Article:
“Too bad we’re the only animal that feels shame for being naked.” At this point Alma looked out on the water and unhooked her bra and set it on top of her other clothing. She sat, rolled her underwear down her thighs, over her knees and slipped them over her ankles. Alma leaned back on her elbows, closed her eyes and let the sun shine on her. “God, this feels good. I’d walk around naked if I could. I used to when I was a little girl, anyway.”
There was something innocent and natural in the way she spoke and what she said that put my mind at rest and erased any inkling of temptation. “I’ll join you.”
Alma slipped into the pool and had already waded in up to her waist. She put her arms ahead of her and dove under. While I undressed I watched Alma break the surface, her body glistened with water droplets as she gracefully rolled into a back stroke. She kicked her feet and came close to the rock I was standing on and looked up at me with inviting eyes.
“Come on in,” she rolled back over and dove under again.
I waded out up to my waist, pushed off and did the breast stroke around the large flat rock in the center of the pool. I looked up. Alma had already climbed up on the rock and was lying down. I pulled myself out of the water and lie down next to her and closed my eyes. The rock was warm. The trees around the pool afforded some swaying shadows which made lying there comfortable.
“This is the real paradise, not up there on the plateau.”
We laid there enjoying the sound of the rushing water, the caress of the breeze and the warmth of the sun.
“How did you find this place?” I asked.
“I followed Leòn down the path one day when I was bored. I thought I was being so clever. I stayed just far enough behind so I wouldn’t be seen. Hèctor warned me to stay out of the selva, that it was too dangerous. But I wanted to have a little adventure. It was such a gorgeous day. I remember we just had our daily downpour and the grass and all the leaves sparkled with raindrops. Leòn moved so quickly and I fell behind. It wasn’t too long before I was lost. I called out.”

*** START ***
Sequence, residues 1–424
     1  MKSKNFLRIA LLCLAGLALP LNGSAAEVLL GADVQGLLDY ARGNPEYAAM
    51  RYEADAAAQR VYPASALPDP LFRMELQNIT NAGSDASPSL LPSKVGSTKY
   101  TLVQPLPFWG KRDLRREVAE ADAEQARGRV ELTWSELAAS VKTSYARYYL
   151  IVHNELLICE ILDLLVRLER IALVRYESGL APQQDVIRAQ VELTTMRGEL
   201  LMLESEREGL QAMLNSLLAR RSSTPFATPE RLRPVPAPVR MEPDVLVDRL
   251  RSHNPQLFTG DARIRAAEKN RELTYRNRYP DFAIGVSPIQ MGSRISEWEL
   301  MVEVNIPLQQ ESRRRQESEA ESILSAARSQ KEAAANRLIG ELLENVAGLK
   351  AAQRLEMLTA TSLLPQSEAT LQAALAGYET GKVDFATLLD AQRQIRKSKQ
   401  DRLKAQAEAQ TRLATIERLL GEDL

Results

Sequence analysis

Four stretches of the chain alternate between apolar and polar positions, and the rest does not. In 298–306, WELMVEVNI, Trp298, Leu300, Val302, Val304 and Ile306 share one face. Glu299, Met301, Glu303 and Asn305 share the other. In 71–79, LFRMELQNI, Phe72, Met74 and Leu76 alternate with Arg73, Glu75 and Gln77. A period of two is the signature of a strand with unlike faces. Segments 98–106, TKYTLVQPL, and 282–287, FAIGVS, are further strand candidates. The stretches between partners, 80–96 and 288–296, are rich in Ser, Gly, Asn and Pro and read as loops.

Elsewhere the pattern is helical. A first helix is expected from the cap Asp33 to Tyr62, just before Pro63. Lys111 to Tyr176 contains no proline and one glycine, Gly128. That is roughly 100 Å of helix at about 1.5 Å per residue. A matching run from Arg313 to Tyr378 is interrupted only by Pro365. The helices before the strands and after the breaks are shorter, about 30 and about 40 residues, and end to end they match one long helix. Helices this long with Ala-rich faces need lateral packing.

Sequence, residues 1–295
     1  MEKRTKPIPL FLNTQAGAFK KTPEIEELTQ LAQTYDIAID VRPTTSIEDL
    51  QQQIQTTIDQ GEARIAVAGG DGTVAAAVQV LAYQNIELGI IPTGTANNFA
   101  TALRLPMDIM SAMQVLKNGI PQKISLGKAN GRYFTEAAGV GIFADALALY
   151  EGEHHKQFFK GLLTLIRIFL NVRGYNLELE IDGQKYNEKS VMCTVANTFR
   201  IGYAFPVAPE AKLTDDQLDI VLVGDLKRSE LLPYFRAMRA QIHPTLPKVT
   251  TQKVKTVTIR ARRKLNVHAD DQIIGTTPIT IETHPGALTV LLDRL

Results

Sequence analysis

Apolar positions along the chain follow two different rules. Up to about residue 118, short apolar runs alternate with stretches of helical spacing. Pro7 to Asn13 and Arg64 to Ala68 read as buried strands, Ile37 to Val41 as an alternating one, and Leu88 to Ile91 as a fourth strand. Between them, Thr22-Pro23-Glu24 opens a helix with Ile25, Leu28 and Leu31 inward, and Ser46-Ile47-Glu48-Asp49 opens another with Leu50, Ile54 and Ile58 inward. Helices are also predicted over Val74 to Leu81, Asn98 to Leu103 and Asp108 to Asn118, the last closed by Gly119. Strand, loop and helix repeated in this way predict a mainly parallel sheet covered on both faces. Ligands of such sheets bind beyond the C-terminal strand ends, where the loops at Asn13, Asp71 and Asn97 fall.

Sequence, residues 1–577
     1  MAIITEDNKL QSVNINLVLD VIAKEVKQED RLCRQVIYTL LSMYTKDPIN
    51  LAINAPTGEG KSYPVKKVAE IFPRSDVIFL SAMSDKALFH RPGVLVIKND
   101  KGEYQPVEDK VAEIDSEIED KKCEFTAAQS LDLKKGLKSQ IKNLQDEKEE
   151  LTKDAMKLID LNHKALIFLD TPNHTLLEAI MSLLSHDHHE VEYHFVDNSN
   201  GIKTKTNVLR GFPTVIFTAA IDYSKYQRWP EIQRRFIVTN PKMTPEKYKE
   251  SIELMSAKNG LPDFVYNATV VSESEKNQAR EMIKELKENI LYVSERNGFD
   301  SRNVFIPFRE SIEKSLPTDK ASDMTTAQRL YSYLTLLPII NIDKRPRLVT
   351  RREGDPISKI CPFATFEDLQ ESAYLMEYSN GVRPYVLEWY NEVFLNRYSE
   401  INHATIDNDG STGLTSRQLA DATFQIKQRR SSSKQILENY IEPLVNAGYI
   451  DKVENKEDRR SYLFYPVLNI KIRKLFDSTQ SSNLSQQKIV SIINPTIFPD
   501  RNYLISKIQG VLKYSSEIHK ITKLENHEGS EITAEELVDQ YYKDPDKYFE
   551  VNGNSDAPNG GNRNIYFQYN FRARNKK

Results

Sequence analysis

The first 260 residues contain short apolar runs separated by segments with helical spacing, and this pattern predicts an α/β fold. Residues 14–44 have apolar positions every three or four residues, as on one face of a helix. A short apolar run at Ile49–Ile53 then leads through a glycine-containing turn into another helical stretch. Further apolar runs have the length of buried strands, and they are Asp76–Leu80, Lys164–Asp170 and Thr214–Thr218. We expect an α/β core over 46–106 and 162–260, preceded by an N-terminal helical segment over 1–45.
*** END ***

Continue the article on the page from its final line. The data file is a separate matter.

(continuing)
“I certainly see how you can lose your way.” I turned my head and saw Alma still had her eyes closed and her face toward the sun. I propped my head in the palm of my hand and took in her entirety; her profile, the way the lively shadow prints danced on her pale skin, and perfection of her naked body, on down to her toes. Alma was no longer so mysterious. She was just another human being lying next to me under a beautiful sky on a beautiful day. At that moment I felt like a little boy. I sank back down and closed my eyes again.
“Leòn found me a few minutes later. He just shook his head and smiled and told me to stay close. We wound up at the pool. I watched as he carefully chose and picked leaves from certain plants and put them in his pouch. I asked what he was doing. He wouldn’t tell me. All the while he picked the leaves he softly chanted in a monotone the same words over and over again.
“When I asked, he told me he was thanking the selva and the plants. On our return to the main path he showed me the landmarks he used to find his way. Once I knew what to look for I became more confident. I went with him a dozen more times or so. Each time we went he gathered his leaves and herbs and told me about the trees and plants and animals. I feel comfortable here. Before, when Hèctor would go out on the plateau, I would mope around and wait for him to come back. Sometimes he would be gone for the better part of a week. Now when he’s gone, I come down here.
“If it wasn’t for Leòn, I think I would have gone mad. He was very kind to me, and he is wise beyond his years. One day after Hèctor left for the groves I went with Leòn much further into the selva, quite a distance past the pool. We kept up a hurried pace for a good long while. We came to a clearing. I saw a large thatched hut. Naked little boys and girls ran out to greet us. They surrounded me and reached up and touched my arms and face and hair. I followed Leòn into the hut. The women who sat around the small fire rings looked at me wide eyed, one, her mouth agape. They whispered in excited tones. I didn’t understand their language. The eldest, who was bare breasted and missing her front teeth, approached Leòn and put her hands on his chest and pushed him toward the opening. She kept repeating the same phrase louder and louder, glaring over at me and then glaring at Leòn. The others also stood and joined the old woman. I figured it was because of me. I was frightened and I ran out of the hut. Leòn came out a minute later.
“’What’s the matter?’ I asked him. He said they thought I was a spirit. They thought Leòn brought me back from the nether world. He assured them I was as alive as they were. He called them out of the hut. They walked around me; some pinched me up and down. They weren’t trying to hurt me. Another one tugged on my hair, a few others gave me little slaps all over my body. I looked over to Leòn. He told me to be calm that they would stop. They gave me hugs and affectionate caresses. I felt really at peace, like I belonged with them. They are truly children of Nature. Everything they need is all around them. They really want for nothing. It’s funny, all the things that I thought were so important to have, now, have no value to me. Hèctor was going to be away for the week. I stayed with the people, they only have one description for themselves, and that’s, ’The People.’ I stayed with them for three days and nights.”